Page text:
2nd Circuit: Affirms Lawyer Lynne Stewart 's Terrorism Conviction, Revokes Bail

The Second Circuit Court of Appeals today affirmed the convictions of defense lawyer Lynne Stewart, whose phone calls with her client Sheikh Omar Ahmad Ali Abdel Rahman were taped at the MCC, and her codefendants on all charges, including providing material support to terrorists.

The opinion is here. The Court did not uphold the sentence, and remanded for resentencing:

We therefore remand the cause to the district court for further consideration of her sentence, in light of, among other things, the charges of perjury against her and of any other matter it deems necessary or advisable, and direct the court to revoke Stewart's and Yousry's bail pending appeal and to order them to surrender to the United States Marshal to begin serving their sentences forthwith.


The trial judge sentenced Stewart to 28 months. Obviously, the Court of Appeals thinks she should have gotten more time. The Appeals Court directed the trial court to make a determination as to whether she committed perjury at her trial and whether the abuse of special skill or trust enhancement should have applied. Even though it says her codefendants were sentenced correctly, it remanded their sentences as well.

Huge disappointment of an opinion, from the sentencing issue to its upholding the conviction on providing material support to terrorists. (My view of the conviction is here.) Also discussed: FISA, CIPA, taping attorney-client calls and the NSA wiretapping.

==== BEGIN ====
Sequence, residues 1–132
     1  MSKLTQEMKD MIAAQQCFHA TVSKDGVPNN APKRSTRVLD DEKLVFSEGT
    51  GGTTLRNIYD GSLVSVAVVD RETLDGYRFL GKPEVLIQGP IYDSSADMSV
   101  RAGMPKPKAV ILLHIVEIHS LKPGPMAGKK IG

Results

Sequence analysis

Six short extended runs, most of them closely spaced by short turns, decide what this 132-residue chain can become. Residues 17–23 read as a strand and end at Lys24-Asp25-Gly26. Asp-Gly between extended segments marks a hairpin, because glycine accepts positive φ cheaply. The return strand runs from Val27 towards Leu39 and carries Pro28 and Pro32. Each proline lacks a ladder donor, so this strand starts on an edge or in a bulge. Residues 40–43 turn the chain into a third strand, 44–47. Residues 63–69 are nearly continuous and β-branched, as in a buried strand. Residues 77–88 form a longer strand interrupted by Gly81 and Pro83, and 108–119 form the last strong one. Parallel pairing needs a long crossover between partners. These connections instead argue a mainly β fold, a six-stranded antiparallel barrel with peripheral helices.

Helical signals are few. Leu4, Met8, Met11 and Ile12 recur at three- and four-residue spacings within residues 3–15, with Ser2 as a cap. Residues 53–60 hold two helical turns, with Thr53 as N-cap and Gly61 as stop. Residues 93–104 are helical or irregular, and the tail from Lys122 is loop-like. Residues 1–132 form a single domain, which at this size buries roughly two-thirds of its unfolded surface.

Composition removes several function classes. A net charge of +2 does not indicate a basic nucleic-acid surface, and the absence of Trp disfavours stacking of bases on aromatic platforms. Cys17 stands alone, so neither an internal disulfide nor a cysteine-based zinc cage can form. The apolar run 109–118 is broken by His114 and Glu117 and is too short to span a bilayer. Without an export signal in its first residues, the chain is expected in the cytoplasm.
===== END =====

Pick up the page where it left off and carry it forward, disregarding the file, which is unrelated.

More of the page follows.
< Reconciliation | Tuesday Night Open Thread >
  • The Online Magazine with Liberal coverage of crime-related political and injustice news

  • Contribute To TalkLeft

  • Display: Sort:
    Not surprising (5.00 / 1) (#2)
    by andgarden on Tue Nov 17, 2009 at 11:42:05 AM EST

    Well (none / 0) (#1)
    by Steve M on Tue Nov 17, 2009 at 11:37:26 AM EST
    she sure looked guilty in that riveting Law & Order episode based on her case, that's for sure.

    On a more separate note, I don't really understand these administrative restrictions that always get placed on the defense attorneys in terrorism cases.  I mean, I understand the basic need, but the restrictions always seem to be a lot broader than they need to be.  Wasn't there a recent case where the DOJ went after an attorney for disclosing a supposedly classified document to President Obama?!

    Well, as a general matter I might agree (none / 0) (#3)
    by andgarden on Tue Nov 17, 2009 at 11:42:59 AM EST
    but I cannot agree that what Stewart was accused of doing should be allowed.

    i'm curious, (none / 0) (#4)
    by cpinva on Tue Nov 17, 2009 at 12:34:23 PM EST
    were timothy mcveigh's attorneys operating under the same types of restrictions?

    I don't know why you would be (none / 0) (#7)
    by jimakaPPJ on Tue Nov 17, 2009 at 03:46:42 PM EST
    curious unless you disagree with verdict.

    In any event I would say McVeigh didn't have thousands of buds all frothing to attack the US.


    BTW, as a matter of personal interest, (none / 0) (#5)
    by andgarden on Tue Nov 17, 2009 at 01:19:06 PM EST
    concurring judge Walker, who writes separately so say that Stewart deserved a longer sentence, is apparently Walker as in "George W."

    god, there are more of them lurking about? (none / 0) (#6)
    by ruffian on Tue Nov 17, 2009 at 02:11:16 PM EST
    How long is it going to take to purge the system?

    Here is a quote .. (none / 0) (#8)
    by nyrias on Tue Nov 17, 2009 at 04:59:02 PM EST
    from the article:

    "She was tried along with interpreter Mohamed Yousry for a plot to pass messages from Sheikh Rahman, who is serving a life sentence for seditious conspiracy--a violation of Special Administrative Measures put in place to muzzle the sheikh and prevent him from signaling Islamic Group to abandon a cease-fire on terror attacks."

    If this is true, she deserves a much LONGER sentence. She is helping this guy to incite his followers (abandon a cease-fire) for more violence.